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Australia ramps up on 5G – telcos and banks among the first to benefit

Australia has been touted as a leader in 5G, although the promises of the technology supporting the use of autonomous vehicles will not be realised for now

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Australia’s Commonwealth Bank has emerged as one of the early enterprise enthusiasts for 5G in the country, while Australian consumers are being wooed by the major telcos ahead of mainstream deployment of the technology starting this year.

Working with Telstra and Ericsson, Commonwealth Bank is exploring 5G to examine what the bank of the future might look like, and how the technology can reduce the network infrastructure in its branch network.

Pete Steel, executive general manager of the bank’s digital and retail operations and technology, said 5G has significant potential to enhance the availability, stability and performance of its network infrastructure, enabling it to provide quicker and better digital experiences for consumers.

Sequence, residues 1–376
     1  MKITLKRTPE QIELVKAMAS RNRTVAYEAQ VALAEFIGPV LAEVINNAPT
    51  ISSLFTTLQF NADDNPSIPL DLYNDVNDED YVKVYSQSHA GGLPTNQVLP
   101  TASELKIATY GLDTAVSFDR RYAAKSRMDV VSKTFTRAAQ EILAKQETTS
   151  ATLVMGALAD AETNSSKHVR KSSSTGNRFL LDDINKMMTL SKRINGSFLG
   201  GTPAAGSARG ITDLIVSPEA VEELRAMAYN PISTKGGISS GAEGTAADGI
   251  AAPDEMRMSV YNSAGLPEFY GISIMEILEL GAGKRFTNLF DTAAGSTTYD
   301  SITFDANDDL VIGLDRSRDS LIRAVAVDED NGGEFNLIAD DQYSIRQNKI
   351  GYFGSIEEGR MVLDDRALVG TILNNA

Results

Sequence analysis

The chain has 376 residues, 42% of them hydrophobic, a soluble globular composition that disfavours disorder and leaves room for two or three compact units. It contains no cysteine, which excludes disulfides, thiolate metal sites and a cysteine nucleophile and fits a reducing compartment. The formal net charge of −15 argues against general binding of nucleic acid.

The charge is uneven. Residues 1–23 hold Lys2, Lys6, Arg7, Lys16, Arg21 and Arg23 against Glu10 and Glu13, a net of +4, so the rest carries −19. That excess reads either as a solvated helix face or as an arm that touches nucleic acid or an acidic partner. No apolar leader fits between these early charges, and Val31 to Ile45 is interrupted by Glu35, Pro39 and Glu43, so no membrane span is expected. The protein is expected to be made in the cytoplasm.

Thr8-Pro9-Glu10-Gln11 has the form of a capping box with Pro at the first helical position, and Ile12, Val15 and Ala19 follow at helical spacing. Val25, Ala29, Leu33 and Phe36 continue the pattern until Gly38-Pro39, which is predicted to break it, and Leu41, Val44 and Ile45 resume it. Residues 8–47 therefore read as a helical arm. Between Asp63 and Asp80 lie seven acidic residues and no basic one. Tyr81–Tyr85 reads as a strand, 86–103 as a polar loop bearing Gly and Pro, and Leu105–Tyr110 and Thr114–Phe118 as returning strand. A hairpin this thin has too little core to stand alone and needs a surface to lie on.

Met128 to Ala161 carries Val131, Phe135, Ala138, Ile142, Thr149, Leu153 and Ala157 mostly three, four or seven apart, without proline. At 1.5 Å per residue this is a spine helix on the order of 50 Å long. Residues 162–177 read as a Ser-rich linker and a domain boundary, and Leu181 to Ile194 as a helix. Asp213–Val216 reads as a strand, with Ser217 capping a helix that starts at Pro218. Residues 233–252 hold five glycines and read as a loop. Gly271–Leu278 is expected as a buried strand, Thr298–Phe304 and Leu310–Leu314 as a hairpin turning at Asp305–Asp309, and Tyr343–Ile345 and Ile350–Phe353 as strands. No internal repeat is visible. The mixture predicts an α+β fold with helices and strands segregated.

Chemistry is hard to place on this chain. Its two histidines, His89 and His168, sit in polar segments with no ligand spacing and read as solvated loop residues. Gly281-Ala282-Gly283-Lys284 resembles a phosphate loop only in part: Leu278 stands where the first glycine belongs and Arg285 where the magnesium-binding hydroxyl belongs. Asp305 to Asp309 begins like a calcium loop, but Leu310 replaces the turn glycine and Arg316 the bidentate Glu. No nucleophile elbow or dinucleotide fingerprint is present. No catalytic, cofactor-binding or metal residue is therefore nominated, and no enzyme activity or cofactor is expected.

Consumers are also in the sights of the major 5G network frontrunners such as Telstra and Optus, which have started to deploy 5G in a handful of areas. Vocus, meanwhile, has signalled its plans to market 5G as a better consumer alternative than entry-level NBN (National Broadband Network).

In December 2018, four companies – Dense Air, Mobile JV (a joint venture between TPG Telecom and Vodafone Hutchison Australia), Optus Mobile and Telstra – paid A$853m for all 350 lots offered by the government in the 5G spectrum auction in the 3.8 GHs band.

Despite the federal government’s decision to essentially ban Huawei equipment from 5G networks now under construction, there seems to have been little interruption to the major telcos’ schedules.

We hear a lot about autonomous cars, but imagine if have to have mobile towers every 200 metres along the highways.
Paul Budde, telecoms analyst

It is worth noting, however, that Huawei equipment is embedded in the radio access network supporting Optus’ and Vodafone’s 4G networks, and is critical for mobile services outside the major metropolitan areas, where it will also play a role in 5G deployments.

Optus already has two live 5G sites in Canberra, with the promise of a further 58 sites in coming months. It is now asking for expressions of interest from consumers to be among the first users of the 5G Home Broadband service, which it is offering for A$70 a month with a 50Mbps “satisfaction guarantee”.

Telstra has been switching on its 5G technology since August 2018, and has so far enabled more than 200 sites thanks to its “early access” licence to the spectrum issued by the Australian Communications and Media Authority.